The Office of the Prime Minister and the Royal Thai Army are the first and second defendants in the case, respectively, since Thailand’s Prime Minister acts as Director of ISOC. The Commander in Chief and the Commander of Army Area Region 4 are supervisors of the Information Operation. The case questions if, as commanding officers, they made any efforts to review the agencies’ operations that fall under their command. The failure to do so would constitute negligence, as it is their responsibility to ensure that those under their command are acting in compliance with the law. If they are found guilty, they are obliged to offer fair remedies and compensation to the victims.
“I hope that this case will help to set a precedent for others who are trying to make the State accountable for unduly exercise of its power and wrongfully spreading disinformation and discrediting legitimate HRDs work,” said Surachai Trongngam, another lawyer in the case. Angkhana and Anchana asked three and two million baht respectively for the damages related to the negative impact on their reputation, dignity and mental trauma that were resultant of the gross and dehumanizing smear campaign.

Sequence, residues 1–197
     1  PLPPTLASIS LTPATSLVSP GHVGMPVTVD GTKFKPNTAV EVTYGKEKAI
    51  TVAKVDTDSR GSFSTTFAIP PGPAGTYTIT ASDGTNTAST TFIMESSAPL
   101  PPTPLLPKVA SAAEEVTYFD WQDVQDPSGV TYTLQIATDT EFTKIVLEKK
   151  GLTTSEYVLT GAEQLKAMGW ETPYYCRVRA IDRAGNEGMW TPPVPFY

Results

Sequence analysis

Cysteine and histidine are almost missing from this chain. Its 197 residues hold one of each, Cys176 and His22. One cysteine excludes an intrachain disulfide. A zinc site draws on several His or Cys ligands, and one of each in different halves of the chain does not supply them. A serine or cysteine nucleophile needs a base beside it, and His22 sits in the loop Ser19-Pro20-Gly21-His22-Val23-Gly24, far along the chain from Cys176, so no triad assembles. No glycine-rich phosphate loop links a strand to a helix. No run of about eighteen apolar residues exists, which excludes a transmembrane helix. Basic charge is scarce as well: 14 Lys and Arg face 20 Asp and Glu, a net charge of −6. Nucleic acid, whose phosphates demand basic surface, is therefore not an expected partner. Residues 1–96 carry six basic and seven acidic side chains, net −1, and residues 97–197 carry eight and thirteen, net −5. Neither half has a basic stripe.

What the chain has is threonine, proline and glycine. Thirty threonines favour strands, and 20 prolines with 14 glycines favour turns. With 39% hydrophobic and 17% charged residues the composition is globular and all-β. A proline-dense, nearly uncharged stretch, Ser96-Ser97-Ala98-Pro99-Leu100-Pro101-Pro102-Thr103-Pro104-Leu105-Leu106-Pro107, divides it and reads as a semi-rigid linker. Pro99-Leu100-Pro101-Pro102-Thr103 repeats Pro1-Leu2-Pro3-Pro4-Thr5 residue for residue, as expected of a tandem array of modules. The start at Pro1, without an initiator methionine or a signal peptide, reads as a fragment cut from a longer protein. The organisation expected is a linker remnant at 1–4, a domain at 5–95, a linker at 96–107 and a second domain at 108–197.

Angkhana Neelapaijit has been a target of the Information Operation (IO) since she started working on human rights issues. The IO campaign against her spiked in the wake of the 2014 military coup, and even more so when, as National Human Rights Commissioner, she was working on civil, political and human rights in the Southern Border Provinces (SBPs). Every time she denounced human rights violations committed by security forces, online smear campaigns would target her with fake news, dehumanisation and hate speech, taking a mental toll on her. Even though she reported three cases to the Technology Crime Suppression Division (TCSD) and police stations, investigations remained inconclusive.